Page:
With Market Data Fees in Focus, Industry Grapples with Appropriate Fix
Picking up on the debate that began at the SEC’s two-day Market Data roundtable in October, industry participants at the Security Trading Association of Chicago’s (STAC) 93rd Annual Mid-Winter Meeting last week were divided on the scope of the problem with market data costs and the appropriate solution.
While the issue of exchange data fees were the simmering topic throughout the conference, particularly with the announcement earlier this month of plans by nine financial institutions to launch MEMX, the discussion reached a crescendo during Wednesday afternoon’s market data panel.
“If you’re a broker who wants to be taken seriously in the execution space, the SIP is simply not adequate,” said Dash Financial Technologies’ Chief Growth Officer Glenn Lesko, a participant on the panel. “That means you need to purchase the direct feeds from the exchanges, and the costs on those are considerable.”
Tom Wilson, Head of Sales and Business Development at HPR, a provider of ultra high-performance trading technology solutions, noted that data fees are top of mind across the industry.
“The issue of market data fees is one of the biggest topics of discussion today,” he said. “Clearly, there are concerns on the part of many, evidenced by the announcement of MEMX by nine of the biggest payers of exchange data fees. But what comes next is anyone’s guess. There really doesn’t seem to be any sort of consensus forming on a path forward.”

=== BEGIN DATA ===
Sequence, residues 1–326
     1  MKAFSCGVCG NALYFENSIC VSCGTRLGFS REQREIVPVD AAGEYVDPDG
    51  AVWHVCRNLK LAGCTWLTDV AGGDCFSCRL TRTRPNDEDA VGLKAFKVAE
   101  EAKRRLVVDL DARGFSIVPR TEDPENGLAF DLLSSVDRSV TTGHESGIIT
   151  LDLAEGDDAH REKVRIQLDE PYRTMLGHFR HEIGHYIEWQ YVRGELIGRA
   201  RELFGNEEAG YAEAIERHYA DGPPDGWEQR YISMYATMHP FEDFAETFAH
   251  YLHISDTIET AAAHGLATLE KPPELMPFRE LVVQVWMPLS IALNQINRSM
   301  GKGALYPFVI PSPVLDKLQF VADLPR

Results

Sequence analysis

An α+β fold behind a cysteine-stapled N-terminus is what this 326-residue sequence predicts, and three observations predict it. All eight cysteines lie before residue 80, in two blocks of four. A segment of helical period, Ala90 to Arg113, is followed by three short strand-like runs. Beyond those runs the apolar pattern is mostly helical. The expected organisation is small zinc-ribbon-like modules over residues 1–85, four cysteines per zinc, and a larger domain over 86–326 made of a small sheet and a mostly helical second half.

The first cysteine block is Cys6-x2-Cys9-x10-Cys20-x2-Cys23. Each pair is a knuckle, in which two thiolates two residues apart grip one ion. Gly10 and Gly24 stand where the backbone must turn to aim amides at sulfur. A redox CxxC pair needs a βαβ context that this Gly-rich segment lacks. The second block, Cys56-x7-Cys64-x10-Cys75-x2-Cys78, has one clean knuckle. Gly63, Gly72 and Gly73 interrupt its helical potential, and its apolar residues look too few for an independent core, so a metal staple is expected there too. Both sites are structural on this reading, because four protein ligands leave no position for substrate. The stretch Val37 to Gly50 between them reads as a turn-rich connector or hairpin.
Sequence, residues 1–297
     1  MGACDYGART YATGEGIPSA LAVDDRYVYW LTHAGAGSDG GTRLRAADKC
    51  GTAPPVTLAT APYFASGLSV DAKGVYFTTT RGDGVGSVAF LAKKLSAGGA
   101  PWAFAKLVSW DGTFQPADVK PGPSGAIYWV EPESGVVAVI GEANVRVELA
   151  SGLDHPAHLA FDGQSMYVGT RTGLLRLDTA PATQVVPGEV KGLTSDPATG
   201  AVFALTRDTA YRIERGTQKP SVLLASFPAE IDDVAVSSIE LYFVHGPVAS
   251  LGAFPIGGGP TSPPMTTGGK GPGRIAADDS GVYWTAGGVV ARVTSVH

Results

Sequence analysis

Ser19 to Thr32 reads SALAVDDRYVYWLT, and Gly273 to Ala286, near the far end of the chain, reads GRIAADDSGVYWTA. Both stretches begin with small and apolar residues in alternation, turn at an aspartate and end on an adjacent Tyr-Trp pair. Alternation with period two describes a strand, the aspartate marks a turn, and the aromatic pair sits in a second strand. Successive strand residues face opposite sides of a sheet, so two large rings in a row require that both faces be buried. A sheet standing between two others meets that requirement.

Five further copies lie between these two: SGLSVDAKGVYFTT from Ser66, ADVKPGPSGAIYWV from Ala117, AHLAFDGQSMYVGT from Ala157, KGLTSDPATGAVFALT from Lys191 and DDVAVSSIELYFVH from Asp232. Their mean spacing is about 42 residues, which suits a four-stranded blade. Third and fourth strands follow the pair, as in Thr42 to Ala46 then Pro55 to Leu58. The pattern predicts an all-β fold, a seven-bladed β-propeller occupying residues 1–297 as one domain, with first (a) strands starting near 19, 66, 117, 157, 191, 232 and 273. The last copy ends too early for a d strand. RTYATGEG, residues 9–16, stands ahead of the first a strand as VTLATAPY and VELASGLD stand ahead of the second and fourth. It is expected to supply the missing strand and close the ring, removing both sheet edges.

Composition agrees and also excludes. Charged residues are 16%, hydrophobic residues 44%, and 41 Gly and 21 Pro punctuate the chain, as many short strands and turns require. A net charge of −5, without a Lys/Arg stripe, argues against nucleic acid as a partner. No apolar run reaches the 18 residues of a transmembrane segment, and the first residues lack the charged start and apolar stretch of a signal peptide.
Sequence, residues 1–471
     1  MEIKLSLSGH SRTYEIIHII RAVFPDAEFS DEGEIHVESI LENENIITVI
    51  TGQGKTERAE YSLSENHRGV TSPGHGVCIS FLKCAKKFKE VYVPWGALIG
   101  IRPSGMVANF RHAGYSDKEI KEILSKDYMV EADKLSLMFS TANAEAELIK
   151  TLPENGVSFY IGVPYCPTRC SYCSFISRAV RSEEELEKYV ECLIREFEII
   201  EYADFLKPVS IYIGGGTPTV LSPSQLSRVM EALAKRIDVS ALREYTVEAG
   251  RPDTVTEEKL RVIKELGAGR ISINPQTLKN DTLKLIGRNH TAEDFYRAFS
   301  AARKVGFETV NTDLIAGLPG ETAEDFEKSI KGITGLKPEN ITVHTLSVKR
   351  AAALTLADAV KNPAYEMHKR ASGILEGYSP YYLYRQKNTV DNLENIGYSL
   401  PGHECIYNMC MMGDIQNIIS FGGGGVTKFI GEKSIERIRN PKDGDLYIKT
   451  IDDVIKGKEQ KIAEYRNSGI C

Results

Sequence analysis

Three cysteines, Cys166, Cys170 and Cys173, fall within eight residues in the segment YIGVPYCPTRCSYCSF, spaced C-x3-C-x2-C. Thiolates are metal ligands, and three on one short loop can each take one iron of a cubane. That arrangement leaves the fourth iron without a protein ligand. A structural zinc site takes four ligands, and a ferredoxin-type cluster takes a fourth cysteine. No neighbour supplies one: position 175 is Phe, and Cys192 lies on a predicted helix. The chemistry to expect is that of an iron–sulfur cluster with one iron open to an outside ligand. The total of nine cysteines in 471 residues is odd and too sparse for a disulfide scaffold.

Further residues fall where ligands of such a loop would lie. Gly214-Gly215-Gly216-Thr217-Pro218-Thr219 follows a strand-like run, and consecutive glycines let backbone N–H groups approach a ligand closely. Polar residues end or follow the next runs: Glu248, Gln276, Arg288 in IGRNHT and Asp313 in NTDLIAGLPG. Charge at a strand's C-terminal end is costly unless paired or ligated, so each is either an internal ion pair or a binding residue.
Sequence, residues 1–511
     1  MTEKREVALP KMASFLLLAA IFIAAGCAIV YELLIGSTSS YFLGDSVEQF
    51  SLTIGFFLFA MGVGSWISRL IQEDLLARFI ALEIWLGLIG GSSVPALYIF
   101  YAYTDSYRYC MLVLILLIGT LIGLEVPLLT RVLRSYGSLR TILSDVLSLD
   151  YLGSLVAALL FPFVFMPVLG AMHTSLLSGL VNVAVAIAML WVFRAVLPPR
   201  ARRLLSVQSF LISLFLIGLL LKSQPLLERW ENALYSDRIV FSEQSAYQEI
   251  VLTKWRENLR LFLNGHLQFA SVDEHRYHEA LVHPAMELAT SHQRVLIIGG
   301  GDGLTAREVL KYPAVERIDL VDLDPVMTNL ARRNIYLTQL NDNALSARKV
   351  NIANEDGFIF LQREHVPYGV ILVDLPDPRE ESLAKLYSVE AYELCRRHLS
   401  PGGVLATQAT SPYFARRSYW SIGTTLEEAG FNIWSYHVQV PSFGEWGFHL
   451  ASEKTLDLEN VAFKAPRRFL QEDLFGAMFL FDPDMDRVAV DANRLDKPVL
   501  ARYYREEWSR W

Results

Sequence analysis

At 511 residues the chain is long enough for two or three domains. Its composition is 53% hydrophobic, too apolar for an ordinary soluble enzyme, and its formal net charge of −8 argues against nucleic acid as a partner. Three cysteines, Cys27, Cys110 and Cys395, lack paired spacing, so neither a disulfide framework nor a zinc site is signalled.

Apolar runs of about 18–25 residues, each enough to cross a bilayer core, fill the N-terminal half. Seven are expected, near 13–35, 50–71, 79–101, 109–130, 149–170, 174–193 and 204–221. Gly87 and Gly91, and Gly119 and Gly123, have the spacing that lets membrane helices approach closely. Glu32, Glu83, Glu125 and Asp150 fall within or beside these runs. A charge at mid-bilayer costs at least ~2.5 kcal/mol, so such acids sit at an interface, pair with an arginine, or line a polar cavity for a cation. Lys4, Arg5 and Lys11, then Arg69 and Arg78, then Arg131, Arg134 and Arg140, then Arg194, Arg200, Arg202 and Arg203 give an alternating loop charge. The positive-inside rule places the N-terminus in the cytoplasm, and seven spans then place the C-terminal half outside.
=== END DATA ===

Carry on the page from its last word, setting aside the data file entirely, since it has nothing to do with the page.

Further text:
For Dash’s Lesko, the focus on data costs alone is a case of missing the larger point. He believes Regulation NMS’s Order Protection Rule, which requires brokers to ensure they are not trading at an inferior price to one that exists on another market, is the root of much market complexity, and that transparency is the solution.
“I’ve spent a significant portion of my career working in the equities industry overseas, and I can tell you without a doubt that our markets are the envy of the world,” he said. “But Reg NMS is over 10 years old now, and many of its provisions, while well intentioned, have resulted in considerable unintended consequences given how different our markets are today than when it was written. We believe there should be a holistic review of the regulation, and if any changes are made, have them be more about adding transparency through enhancements to things like Rule 606.”
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